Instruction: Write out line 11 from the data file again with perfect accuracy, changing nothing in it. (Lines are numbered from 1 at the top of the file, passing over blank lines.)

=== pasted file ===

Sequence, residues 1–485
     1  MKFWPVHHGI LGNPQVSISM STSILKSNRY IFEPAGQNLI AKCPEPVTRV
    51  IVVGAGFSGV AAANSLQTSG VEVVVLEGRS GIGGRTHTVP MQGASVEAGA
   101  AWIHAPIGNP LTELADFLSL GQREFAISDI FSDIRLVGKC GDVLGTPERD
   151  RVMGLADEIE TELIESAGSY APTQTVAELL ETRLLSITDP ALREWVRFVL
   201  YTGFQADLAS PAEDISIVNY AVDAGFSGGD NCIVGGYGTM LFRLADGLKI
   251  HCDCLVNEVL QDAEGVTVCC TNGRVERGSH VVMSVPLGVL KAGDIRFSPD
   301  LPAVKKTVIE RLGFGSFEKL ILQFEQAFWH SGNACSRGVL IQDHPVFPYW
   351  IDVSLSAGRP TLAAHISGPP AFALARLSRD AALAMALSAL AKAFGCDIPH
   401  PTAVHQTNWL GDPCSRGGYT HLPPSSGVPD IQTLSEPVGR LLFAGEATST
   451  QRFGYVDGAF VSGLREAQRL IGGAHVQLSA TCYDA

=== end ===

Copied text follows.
   451  QRFGYVDGAF VSGLREAQRL IGGAHVQLSA TCYDA